“You can search throughout the entire universe for someone who is more deserving of your love and affection than you are yourself, and that person is not to be found anywhere. You, yourself, as much as anybody in the entire universe, deserve your love and affection.”
What predicts views of self? There are three basic areas that predict the view on self: attachment, other people’s views, and competence. (Bergin)
There are signs to watch for in children that may have low self- esteem. If a student gives up easily, avoids task and challenges without effort, or has a loss of interest in usual activities; these could be warning signs for low self-esteem. Other signs to watch for are a negative sense of self, or always putting oneself down; difficulty accepting praise, and becoming strongly affected by negative influences surrounding him/her.
Research shows you can higher student’s self-esteem by following these guidelines:
Improve students’ competence in athletics, academics, or social skills. Improve students’ relationships with others and yourself. Recognize that self-concept is multifaceted. Be honest about academic achievement of your students. (Bergin)
While there are a variety of factors that influence and affect students’ self-esteem, one of the most altering influences are the parents and the home environment. The following is a simple list that can be elaborated and put into play in a variety of ways.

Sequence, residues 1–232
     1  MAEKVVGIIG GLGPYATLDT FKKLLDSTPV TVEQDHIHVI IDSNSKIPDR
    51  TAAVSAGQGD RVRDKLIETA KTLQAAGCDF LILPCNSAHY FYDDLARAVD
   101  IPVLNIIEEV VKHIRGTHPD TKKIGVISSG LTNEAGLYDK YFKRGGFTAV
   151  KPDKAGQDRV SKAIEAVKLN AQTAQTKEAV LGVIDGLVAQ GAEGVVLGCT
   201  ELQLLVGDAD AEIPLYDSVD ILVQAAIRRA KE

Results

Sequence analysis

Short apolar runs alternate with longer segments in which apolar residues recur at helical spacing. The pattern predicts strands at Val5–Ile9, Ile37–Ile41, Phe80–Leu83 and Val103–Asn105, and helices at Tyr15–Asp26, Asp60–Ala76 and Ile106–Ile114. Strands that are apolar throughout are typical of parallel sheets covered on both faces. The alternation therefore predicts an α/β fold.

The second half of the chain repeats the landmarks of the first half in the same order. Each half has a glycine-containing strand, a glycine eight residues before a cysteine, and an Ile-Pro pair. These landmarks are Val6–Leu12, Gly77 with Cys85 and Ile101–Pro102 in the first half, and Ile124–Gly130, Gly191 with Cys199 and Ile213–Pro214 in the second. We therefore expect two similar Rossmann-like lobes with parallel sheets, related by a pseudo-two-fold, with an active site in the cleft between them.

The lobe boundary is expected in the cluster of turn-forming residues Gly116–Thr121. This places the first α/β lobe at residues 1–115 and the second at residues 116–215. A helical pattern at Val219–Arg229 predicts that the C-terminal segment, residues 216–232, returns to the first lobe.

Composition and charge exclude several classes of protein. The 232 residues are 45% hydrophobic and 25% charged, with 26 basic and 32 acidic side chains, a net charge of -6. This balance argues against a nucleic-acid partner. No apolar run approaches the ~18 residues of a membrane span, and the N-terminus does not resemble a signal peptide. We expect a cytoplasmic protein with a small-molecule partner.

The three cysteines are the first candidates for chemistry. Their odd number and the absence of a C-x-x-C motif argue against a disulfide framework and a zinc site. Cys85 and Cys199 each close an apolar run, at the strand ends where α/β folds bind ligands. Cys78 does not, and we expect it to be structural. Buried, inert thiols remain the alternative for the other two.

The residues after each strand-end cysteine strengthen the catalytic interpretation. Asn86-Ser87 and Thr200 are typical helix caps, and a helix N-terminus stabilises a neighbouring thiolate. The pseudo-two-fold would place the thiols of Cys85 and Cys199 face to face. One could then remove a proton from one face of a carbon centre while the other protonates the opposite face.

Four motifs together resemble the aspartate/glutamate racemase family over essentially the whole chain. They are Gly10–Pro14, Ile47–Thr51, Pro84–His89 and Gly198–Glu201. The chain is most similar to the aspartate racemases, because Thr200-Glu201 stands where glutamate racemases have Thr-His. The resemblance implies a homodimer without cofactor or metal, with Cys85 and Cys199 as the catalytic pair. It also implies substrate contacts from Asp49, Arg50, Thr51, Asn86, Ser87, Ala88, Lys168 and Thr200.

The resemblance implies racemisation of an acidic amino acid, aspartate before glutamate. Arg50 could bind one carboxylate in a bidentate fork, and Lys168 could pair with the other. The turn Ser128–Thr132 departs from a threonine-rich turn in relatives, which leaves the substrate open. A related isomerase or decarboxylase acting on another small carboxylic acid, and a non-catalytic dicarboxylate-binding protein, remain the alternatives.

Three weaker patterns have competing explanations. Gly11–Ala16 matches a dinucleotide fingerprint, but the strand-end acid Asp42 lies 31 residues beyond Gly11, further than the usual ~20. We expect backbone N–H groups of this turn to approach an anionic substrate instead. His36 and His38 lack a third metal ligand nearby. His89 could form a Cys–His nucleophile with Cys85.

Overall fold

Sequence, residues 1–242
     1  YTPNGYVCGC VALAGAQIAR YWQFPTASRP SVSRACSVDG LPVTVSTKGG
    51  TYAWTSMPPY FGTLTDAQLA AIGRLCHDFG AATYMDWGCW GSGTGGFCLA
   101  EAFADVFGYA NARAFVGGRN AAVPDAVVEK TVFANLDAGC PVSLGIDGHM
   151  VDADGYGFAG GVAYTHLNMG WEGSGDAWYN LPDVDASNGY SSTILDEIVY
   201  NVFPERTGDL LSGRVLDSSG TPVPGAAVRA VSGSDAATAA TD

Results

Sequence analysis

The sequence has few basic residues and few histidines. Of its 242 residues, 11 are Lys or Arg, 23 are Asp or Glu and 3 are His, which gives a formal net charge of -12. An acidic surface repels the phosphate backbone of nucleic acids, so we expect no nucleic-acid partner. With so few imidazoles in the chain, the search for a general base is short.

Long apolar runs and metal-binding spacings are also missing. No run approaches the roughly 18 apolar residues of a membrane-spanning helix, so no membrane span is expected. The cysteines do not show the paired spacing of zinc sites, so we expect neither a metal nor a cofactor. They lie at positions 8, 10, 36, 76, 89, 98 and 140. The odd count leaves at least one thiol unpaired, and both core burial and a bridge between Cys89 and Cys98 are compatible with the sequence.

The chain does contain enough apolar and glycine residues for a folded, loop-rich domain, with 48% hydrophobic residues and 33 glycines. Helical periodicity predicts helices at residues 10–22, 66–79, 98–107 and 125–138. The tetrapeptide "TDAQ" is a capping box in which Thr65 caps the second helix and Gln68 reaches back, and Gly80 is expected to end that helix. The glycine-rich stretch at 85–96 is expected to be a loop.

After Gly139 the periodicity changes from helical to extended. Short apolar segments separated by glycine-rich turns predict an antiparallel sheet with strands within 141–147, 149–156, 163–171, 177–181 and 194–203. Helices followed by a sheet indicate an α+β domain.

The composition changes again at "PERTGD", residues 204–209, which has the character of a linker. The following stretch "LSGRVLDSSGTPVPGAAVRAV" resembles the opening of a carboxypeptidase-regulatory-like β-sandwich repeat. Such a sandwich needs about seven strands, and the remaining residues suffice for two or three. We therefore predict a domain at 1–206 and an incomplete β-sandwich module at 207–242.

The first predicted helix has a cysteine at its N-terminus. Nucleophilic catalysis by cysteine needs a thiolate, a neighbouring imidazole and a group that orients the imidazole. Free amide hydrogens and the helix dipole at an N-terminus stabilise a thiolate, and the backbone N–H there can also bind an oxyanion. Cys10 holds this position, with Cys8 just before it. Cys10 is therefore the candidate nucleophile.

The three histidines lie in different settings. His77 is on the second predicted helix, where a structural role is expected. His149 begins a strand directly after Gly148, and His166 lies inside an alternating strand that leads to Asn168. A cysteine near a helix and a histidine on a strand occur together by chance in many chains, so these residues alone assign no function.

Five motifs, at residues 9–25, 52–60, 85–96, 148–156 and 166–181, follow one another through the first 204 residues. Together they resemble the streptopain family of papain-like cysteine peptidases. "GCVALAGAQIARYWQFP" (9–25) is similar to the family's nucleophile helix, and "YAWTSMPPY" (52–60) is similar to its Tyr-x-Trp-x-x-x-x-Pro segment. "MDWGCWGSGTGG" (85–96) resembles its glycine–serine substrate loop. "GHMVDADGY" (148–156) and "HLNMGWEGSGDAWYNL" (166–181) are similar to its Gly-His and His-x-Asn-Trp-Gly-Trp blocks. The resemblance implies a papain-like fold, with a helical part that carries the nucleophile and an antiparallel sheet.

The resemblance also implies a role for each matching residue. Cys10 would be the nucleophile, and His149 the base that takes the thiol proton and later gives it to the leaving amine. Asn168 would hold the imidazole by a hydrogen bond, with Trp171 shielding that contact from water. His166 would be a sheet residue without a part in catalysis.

How parents can help self-esteem:
*be a positive role model.
*be careful what you say
*identify and redirect inaccurate beliefs
*be spontaneous and affectionate
*give positive, accurate feedback
*create a safe, loving home environment
*help kids become involved in constructive experiences
While this information primarily focused on self-esteem, it is of the upmost importance that influencing adults do not mistake overall self-esteem for specific self-concepts. The following is a great article showing an example of this misconception and how it can affect adults and peers. I suggest checking it out:
Bergin, C.C. & Bergin, D.A. (2012). Child and Adolescent Development in Your Classroom. Belmont, CA: Wadsworth/Cengage Learning
Elmore, Tim. “What Really Cultivates Self Esteem in Children.” Psychology Today. Sussex Publishers, 19 09 2013. Web. 13 Nov 2013. <http://www.psychologytoday.com/blog/artificial-maturity/201309/what-really-cultivates-self-esteem-in-students>.
New, Michelle. “Developing Your Child’s Self-Esteem.” Kid’s Health. The Nemours Foundation, n.d. Web. 10 Nov 2013. <http://kidshealth.org/parent/emotions/feelings/self_esteem.html>.
“Signs of Low Self-Esteem.” Healthy Children. 29 08 2013. Web. 13 Nov 2013. <http://www.healthychildren.org/English/ages-stages/gradeschool/Pages/Signs-of-Low-Self-Esteem.asp&xgt;.
1. Can you think of a student that has high self-esteem, but maybe has a low self-concept for a particular area (reading, math, public speaking)? Describe the actions related to this particular area.
2. What characteristics of low self-esteem do you see in your students? Do you notice it affecting certain aspects of their life?
3. What characteristics of high self-esteem do you see in your students? Are these characteristics a positive addition to your classroom environment? Why or why not?
4. What areas of self-esteem would you like to work on within your classroom environment? How do you think you could address these areas?